MARCH OF HISTORY – 4 (Post No.8257)

WRITTEN BY R. NANJAPPA                        

Post No. 8257

Date uploaded in London – – – 29 June 2020   

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R. Nanjappa

Society as the basis of History

 This is an obvious point which all the loony historians of the left and their comrades in the academy are trying to obscure. The doyen among modern historians, Arnold Toynbee held that world history consists of the history of “societies” and not nations, and he identified five living societies and two fossilised ones as constituting world history. Analysing the Western society, he pointed out how it extended backwards, almost indefinitely.

In tracing its history back to its origins, we strike upon the last phase of another society, the origins of which obviously lie much farther back in the past. The continuity of history, to use an accepted phrase, is not a continuity such as is exemplified in the life of a single individual. It is rather a continuity made up of the lives of successive generations, our Western Society being related to Hellenic Society in a manner comparable with the relationship of a child to its parent.

……….the intelligible unit of historical study is neither a nation state nor mankind as a whole but a certain grouping of humanity which we have called a society. We have discovered five such societies in existence today, together with sundry fossilised evidences of societies dead and gone.

Toynbee identified five such ‘living ‘ societies- which he said had been much the same as in 775 AD!.These are:

  • Western Christendom
  • Orthodox Christian Society of South-Eastern Europe and Russia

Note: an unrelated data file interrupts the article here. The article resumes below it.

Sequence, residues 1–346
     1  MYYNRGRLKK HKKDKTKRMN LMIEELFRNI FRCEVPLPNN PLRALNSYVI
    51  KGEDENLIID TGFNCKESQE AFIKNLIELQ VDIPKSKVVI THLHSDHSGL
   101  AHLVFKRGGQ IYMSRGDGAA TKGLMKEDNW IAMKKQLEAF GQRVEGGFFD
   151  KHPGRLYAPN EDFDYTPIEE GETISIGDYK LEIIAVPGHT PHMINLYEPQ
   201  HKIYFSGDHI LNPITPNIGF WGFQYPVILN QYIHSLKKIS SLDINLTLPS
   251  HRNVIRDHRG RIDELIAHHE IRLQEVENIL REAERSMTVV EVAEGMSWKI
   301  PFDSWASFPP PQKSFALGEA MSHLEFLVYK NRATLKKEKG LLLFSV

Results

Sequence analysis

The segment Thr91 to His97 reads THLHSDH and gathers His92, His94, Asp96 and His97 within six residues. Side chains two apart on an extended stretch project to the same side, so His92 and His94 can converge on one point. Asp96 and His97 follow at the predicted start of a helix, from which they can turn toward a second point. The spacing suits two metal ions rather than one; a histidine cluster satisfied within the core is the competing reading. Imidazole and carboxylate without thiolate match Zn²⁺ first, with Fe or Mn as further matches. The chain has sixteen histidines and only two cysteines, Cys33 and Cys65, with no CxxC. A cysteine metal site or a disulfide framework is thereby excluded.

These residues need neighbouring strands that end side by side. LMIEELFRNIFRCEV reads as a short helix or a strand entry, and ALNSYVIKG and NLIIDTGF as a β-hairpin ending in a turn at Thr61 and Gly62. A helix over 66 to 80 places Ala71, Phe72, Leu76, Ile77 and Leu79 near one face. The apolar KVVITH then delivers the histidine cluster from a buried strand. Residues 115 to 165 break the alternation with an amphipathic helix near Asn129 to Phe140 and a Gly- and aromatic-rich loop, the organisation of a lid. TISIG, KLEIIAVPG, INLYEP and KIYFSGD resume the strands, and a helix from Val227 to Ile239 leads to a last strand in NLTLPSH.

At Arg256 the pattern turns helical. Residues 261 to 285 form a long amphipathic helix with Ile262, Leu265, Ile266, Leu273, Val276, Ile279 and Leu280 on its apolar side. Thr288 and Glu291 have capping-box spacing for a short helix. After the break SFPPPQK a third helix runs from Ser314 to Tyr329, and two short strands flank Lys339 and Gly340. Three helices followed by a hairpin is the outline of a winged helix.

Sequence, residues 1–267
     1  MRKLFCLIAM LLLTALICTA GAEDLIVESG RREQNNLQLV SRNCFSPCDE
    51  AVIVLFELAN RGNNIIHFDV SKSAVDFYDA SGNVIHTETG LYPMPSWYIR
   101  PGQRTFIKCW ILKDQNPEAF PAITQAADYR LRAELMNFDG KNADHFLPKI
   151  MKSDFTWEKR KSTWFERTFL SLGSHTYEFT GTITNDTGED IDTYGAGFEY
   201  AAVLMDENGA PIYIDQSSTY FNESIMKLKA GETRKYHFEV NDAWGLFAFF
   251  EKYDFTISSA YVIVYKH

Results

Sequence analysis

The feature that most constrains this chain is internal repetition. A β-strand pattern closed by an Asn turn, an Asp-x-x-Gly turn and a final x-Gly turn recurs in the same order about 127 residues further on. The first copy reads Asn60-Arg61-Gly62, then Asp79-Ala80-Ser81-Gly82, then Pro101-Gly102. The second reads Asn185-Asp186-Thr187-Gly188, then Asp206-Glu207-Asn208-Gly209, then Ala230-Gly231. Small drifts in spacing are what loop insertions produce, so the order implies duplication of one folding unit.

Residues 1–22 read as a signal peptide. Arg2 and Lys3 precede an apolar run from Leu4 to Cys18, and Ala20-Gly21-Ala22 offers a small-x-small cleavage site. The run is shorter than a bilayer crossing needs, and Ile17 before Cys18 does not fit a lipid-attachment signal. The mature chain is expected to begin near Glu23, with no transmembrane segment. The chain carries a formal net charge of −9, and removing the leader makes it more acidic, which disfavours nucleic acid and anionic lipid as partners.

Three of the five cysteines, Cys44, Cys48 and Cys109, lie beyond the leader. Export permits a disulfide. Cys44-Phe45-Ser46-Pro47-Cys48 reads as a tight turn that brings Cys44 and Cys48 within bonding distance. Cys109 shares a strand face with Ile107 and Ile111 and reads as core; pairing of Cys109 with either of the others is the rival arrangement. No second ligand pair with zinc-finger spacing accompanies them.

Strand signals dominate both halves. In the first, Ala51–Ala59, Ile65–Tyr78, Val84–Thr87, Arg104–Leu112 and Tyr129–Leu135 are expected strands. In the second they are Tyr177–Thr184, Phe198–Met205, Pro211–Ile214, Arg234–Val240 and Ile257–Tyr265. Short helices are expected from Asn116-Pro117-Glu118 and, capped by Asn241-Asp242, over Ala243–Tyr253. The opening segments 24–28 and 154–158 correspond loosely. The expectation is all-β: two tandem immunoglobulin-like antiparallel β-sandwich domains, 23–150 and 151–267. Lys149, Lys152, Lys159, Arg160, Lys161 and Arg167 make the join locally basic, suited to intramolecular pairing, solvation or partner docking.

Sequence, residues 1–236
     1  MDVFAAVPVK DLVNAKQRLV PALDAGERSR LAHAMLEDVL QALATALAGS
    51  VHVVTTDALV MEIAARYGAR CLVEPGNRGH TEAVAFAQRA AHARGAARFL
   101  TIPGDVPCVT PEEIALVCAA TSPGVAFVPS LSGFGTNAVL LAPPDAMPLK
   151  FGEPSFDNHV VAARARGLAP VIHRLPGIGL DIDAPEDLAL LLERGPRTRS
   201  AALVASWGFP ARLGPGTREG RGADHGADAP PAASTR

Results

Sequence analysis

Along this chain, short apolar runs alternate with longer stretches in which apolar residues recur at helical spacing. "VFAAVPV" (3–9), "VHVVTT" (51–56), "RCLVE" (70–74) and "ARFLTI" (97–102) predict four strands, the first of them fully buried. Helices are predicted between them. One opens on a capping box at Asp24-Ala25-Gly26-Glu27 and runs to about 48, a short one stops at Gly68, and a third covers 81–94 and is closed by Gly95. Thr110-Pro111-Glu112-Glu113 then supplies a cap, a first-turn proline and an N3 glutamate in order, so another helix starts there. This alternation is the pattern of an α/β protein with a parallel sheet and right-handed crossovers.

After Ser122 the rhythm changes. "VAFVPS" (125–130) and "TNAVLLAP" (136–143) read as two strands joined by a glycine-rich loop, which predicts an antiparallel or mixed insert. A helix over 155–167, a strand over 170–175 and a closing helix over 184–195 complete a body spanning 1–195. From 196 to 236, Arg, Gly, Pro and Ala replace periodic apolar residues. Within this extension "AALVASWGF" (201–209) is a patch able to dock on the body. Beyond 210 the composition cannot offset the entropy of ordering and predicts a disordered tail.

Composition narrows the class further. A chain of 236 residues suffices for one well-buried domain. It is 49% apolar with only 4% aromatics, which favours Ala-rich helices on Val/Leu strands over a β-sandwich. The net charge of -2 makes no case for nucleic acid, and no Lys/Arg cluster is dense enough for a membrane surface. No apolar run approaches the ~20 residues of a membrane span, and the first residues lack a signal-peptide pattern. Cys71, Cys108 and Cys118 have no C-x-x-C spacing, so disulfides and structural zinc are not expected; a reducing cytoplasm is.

• An Islamic Society covering North Africa and Middle East
  • A Hindu Society in the tropical subcontinent of India
  • A Far-Eastern Society

What exactly happens then in history? Says Toynbee:

The forces in action are not national but proceed from wider causes….Different parts are differently affected  by an identical general cause….A society , we may say, is confronted in the course of its life by a succession of problems which each member has to solve for itself as best it may.The presentation of each problem is a challenge to undergo an ordeal,and through this series of ordeals the members of the society progressively differentiate themselves from one another.

 So, history is basically how societies meet the challenges faced by them.

In the struggle for existence the West has driven its contemporaries  to the wall and entangled them in the meshes of its economic and political ascendancy, but it has not yet disarmed them of their distinctive cultures. Hard pressed though they are, they can still call their souls their own.

(These extracts are taken from the Introduction to Vol.I of the two volume abridgement by D.C.Somervell ( Oxford University Press) of the original six volume edition of ‘A Study of History’. As this abridgement was carefully revised and approved by Toynbee himself, it is authoritative.)